International Orthopaedics

, Volume 33, Issue 6, pp 1683–1688 | Cite as

Minimally invasive versus open transforaminal lumbar interbody fusion: evaluating initial experience

  • Constantin SchizasEmail author
  • Nicolas Tzinieris
  • Elefterios Tsiridis
  • Victor Kosmopoulos
Original Paper


The aim of this study was to compare our experience with minimally invasive transforaminal lumbar interbody fusion (MITLIF) and open midline transforaminal lumbar interbody fusion (TLIF). A total of 36 patients suffering from isthmic spondylolisthesis or degenerative disc disease were operated with either a MITLIF (n = 18) or an open TLIF technique (n = 18) with an average follow-up of 22 and 24 months, respectively. Clinical outcome was assessed using the visual analogue scale (VAS) and the Oswestry disability index (ODI). There was no difference in length of surgery between the two groups. The MITLIF group resulted in a significant reduction of blood loss and had a shorter length of hospital stay. No difference was observed in postoperative pain, initial analgesia consumption, VAS or ODI between the groups. Three pseudarthroses were observed in the MITLIF group although this was not statistically significant. A steeper learning effect was observed for the MITLIF group.


Pedicle Screw Oswestry Disability Index Degenerative Disc Disease Posterior Lumbar Interbody Fusion Transforaminal Lumbar Interbody Fusion 
These keywords were added by machine and not by the authors. This process is experimental and the keywords may be updated as the learning algorithm improves.


Le but de cette étude est de comparer notre expérience de l’arthrodèse lombaire intercorporéale transforaminale par voie mini invasive (MITLIF) ou par voie sanglante classique (TLIF). 36 patients présentant un spondylolisthésis isthmique ou discopathie dégénérative ont été traités soit par MITLIF (n = 18) soit par voie sanglante TLIF (n = 18), le suivi moyen étant respectivement de 22 et 24 mois. Le devenir clinique a été évalué selon l’échelle visuelle analogique (VAS) et le score d’Oswestry (ODI). Il n’y a pas de différence sur la durée opératoire dans les deux groupes. Le groupe MITLIF a des pertes sanguines et une durée moyenne d’hospitalisation inférieures au groupe TLIF. Il n’y a aucune différence observée sur les douleurs postopératoires, dans la consommation d’analgésiques, le score VAS ou le score ODI. Trois pseudarthroses ont été observées avec la technique MITLIF mais la différence n’est pas significative. Une courbe d’apprentissage plus pentue a été observée avec le groupe MITLIF.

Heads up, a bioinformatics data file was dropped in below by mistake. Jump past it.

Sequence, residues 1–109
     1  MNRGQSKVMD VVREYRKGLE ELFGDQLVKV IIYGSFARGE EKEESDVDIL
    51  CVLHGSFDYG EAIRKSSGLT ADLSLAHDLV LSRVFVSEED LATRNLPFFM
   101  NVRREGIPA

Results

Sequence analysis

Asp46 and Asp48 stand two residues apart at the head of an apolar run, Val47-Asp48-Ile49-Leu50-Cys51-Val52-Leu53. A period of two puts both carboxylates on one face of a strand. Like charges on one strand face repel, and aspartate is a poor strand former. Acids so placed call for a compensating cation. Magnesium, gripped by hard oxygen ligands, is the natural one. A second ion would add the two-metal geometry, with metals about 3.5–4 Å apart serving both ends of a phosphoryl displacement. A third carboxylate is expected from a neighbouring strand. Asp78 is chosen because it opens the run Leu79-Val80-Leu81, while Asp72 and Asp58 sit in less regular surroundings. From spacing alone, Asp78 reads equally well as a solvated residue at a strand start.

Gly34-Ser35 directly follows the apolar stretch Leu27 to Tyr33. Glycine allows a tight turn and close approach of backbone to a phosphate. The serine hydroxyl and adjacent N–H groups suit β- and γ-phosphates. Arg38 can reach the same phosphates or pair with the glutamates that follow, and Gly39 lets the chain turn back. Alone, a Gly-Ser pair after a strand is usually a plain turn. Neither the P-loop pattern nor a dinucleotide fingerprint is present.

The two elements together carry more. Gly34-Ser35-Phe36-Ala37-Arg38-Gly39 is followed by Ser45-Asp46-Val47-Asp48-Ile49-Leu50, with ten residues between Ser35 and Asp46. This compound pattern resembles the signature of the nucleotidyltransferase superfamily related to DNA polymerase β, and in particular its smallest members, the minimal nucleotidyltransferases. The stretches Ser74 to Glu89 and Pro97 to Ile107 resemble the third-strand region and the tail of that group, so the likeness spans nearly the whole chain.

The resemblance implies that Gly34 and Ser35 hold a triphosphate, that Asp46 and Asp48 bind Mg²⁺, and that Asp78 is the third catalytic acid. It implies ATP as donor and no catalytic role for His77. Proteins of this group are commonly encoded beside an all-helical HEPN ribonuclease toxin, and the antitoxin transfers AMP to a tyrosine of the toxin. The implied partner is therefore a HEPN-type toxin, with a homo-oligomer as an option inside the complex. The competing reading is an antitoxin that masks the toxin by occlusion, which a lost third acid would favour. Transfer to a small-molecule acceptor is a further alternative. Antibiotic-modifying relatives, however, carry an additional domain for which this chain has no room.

Financial support was received in the form of a research grant from DePuy Spine, Inc., Raynham, Massachusetts, USA.


  1. 1.
    Beringer WF, Mobasser JP (2006) Unilateral pedicle screw instrumentation for minimally invasive transforaminal lumbar interbody fusion. Neurosurg Focus 20:E4PubMedGoogle Scholar
  2. 2.
    Deutsch H, Musacchio MJ Jr (2006) Minimally invasive transforaminal lumbar interbody fusion with unilateral pedicle screw fixation. Neurosurg Focus 20:E10CrossRefPubMedGoogle Scholar
  3. 3.
    Fairbank JC, Couper J, Davies JB, O’Brien JP (1980) The Oswestry low back pain disability questionnaire. Physiotherapy 66:271–273PubMedGoogle Scholar
  4. 4.
    Foley KT, Gupta SK (2002) Percutaneous pedicle screw fixation of the lumbar spine: preliminary clinical results. J Neurosurg 97:7–12PubMedGoogle Scholar
  5. 5.
    Harms JG, Jeszenszky D (1998) The unilateral transforaminal approach for posterior lumbar interbody fusion. Orthop Traumatol 6:88–89Google Scholar
  6. 6.
    Holly LT, Foley KT (2003) Three-dimensional fluoroscopy-guided percutaneous thoracolumbar pedicle screw placement. Technical note. J Neurosurg 99:324–329PubMedGoogle Scholar